The proposed algorithm is two-step process. Firstly the characteristic function (4) is computed (Fig. 2a). The algorithm shortens the time interval of the original time window, which can be seen in Fig. 2b. . The AIC function, Maeda's relation(2), is sensitive to choice of correct time window. If the time window is chosen properly, the AIC picker provides good results, otherwise it provides poor results. The procedure of shortening is based on asumption that the time window should start in noise and should end just after maximum value of the signal amplitude. After this time there are only ending part of AE event, its reflections and noise in the signal and they influent the results of AIC function. Figure 3 shows an example of this behaviour and our solution.

The start of the time window is set to the beginning of original signal and is presumed as non-informative part. The algorithm shortens the time interval of the original time window, which can be seen in Fig. 2b. The end of the time window is set to the time, after maximum value of characteristic functon on time tMAX +tAM , where tMAX is time of global maximum of CF and time delay tAM  is specified by trial and error and depends on metrial under the test. We set the tAM = 20 ï­s. The AIC picker based on Maeda's relation (2) is applied on this new time interval. The global minimum of AIC function determines the first estimation of the arrival time (Fig. 2c).

In second step, we focus on the neighborhood of first estimation (Fig. 2c). The time interval is changed to start at tFB before first estimation and to end at tFA after first estimation. For our case, tFA = 10 ï­s and tFB = 30 ï­s were found by trial and error. The AIC picker is applied once again on CF in this shortened time interval (Fig. 2d). The global minimum of recalculated AIC function defines the arrival time of AE event, as can be seen in Fig. 2e.

The first step of our proposal can be applied on most of AE signals and its results of first arrival determination provide good accuracy. Nevertheless, there are exceptions with poor accuracy. In some signals, the amplitude of the first incoming wave is very small compare to amplitudes of the following incoming waves. In such signal, accuracy of first arrival determination is limited by AIC function due to the choice of time window. The second step is used to eliminate this limitation. It focuses on neighborhood of first estimation with shortened time window, which gives better information about first-arrival time.

Figure 4 shows an example, when the second step is needed. The prediction of first AIC function is inaccurate and is used as estimation for second prediction, which is more successful. Their comparison is presented in fig. 4 b. The second step was designed to prove or to improve the first estimation.

Experiments

AE is one of methods that describe behavior and properties of material under various conditions. Considering the nature of AE, many spurious events can occur during an experiment and represent the potential errors in final conclusions. In our case, the localization is used to eliminate this possible error.

The approach was applied to data sets of three different tests. Figure 5 presents measurement set-ups of these three experiments, tensile test of 25-layered SPCC/SUS420J2 thin plate of the overall dimensions 165 x 20 x 0.95 mm3, tensile test of silicon-manganese steel specimen of the overall dimensions 230 x 20 x 0.5 mm3 and four point bending test of silicon-manganese steel rod of the overall dimensions 36 x 5 x 4 mm3. The both tensile tests were measured with four sensors and bending test was measured by two sensors. The AE sensors were located in one line. The location of AE event is estimated by one-dimensional hyperbolic localization by times of first arrival.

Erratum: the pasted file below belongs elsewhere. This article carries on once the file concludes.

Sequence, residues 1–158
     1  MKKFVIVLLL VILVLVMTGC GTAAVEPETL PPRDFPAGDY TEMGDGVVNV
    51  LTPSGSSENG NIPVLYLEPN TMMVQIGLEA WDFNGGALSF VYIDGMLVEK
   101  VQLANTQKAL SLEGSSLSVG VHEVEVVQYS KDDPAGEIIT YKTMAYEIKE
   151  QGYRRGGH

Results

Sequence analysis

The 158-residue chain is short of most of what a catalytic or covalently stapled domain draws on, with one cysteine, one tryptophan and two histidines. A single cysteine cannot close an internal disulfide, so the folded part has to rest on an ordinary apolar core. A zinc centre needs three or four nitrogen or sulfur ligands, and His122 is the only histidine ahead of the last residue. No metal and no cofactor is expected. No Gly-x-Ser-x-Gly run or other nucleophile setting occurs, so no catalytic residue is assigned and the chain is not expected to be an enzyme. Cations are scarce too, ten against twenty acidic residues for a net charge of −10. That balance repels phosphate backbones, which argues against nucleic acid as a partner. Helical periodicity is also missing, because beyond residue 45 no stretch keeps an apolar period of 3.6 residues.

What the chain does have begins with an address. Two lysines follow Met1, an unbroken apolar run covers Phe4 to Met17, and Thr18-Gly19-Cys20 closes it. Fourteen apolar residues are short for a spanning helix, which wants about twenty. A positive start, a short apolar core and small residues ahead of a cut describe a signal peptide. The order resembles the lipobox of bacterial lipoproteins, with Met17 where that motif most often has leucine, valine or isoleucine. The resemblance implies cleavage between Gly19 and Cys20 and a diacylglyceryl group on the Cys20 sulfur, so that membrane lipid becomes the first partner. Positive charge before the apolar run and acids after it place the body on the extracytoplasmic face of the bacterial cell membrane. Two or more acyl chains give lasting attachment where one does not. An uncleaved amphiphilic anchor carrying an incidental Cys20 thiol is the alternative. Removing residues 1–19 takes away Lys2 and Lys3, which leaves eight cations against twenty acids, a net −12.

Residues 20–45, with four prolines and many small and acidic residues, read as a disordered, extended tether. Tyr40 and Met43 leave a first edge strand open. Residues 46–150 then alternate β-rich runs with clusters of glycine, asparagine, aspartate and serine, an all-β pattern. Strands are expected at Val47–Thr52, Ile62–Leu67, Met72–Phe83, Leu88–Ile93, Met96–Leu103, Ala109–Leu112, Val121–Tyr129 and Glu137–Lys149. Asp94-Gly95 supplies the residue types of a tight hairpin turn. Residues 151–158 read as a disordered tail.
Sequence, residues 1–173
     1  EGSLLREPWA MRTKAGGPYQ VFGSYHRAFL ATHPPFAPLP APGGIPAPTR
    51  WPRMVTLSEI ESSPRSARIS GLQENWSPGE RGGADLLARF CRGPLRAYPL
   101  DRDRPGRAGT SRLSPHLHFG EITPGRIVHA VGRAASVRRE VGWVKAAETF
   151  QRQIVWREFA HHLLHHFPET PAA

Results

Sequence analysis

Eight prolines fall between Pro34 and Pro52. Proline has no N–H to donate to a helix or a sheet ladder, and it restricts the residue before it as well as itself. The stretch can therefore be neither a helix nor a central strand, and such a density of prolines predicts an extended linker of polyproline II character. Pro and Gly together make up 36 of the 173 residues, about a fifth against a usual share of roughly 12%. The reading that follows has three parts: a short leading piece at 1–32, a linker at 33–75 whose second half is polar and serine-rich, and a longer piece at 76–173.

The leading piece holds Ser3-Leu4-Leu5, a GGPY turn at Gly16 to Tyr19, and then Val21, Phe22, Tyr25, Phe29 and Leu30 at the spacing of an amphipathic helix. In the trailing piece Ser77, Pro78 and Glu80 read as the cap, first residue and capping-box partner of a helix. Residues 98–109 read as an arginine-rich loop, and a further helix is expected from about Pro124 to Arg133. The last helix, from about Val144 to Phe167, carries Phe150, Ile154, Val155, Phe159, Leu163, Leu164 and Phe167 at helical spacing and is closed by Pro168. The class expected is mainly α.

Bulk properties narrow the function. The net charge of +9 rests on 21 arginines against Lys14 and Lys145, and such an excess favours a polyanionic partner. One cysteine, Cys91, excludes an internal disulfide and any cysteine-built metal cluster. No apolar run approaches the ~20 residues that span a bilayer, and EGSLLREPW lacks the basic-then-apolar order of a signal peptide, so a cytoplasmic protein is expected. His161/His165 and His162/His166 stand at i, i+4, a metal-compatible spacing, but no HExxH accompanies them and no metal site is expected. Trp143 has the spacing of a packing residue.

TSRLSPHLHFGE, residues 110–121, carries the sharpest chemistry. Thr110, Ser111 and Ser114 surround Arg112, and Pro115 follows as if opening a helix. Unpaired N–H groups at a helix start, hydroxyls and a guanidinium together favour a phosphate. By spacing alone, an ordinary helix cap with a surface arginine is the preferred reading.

AE measurement system called Continuous Wave Memory [16] was used to recognize the events by 15 mV threshold and to store every event in 100 s time length. Continuous Wave Memory sampled data at a rate of 10MHz by 12bit A/D converter. The data were filtered numerically by 4th order Butterworth high-pass filter with cut-off frequency 100 kHz.

Results and discussion

Three data sets were in our interest. For tensile tests, 100 AE events and, for bending test, 200 AE events were chosen from center region of corresponding specimen for comparative investigation. It represents 1200 AE signals in three tests. Arrival times of these AE signals were determined manually as well as automatically using our approach and Kurz's approach with envelope calculated by Hilbert transform [6]. Signal amplitude and the signal-to-noise ratio (SNR) of the chosen event varied according to the test stage when the individual event occurred.

In the tensile test of 25-layered SPCC/SUS420J2 thin plate, the arrival times determined by two-step AIC picker are in close proximity to times picked manually. The distribution of deviation of first arrival is presented in Fig. 6. The deviation of first-arrival times is less than 0.5 ï­s in 88.8% signals and greater than 2.5 ï­s in 1.8% only. Kurz's AIC picker is not as successful as our proposal (Fig. 7). The arrival times obtained by Kurz's way are different greater than 2.5 ï­s in 12.5% signals and are different less than 0.5 ï­s in 78% in comparison to times picked manually. It results in fact that the localized events by Kurz's AIC picker are not in such proximity to manually picked events (Fig. 8) as events localized using two-step AIC picker (Fig. 9). Using Kurz's AIC picker the 14 % localizations were determined with deviation greater than 5 mm, but in case of two-step AIC picker it is only 2% localizations. The examples of first arrival determination for varying signal-to-noise ratios are shown in Fig. 10.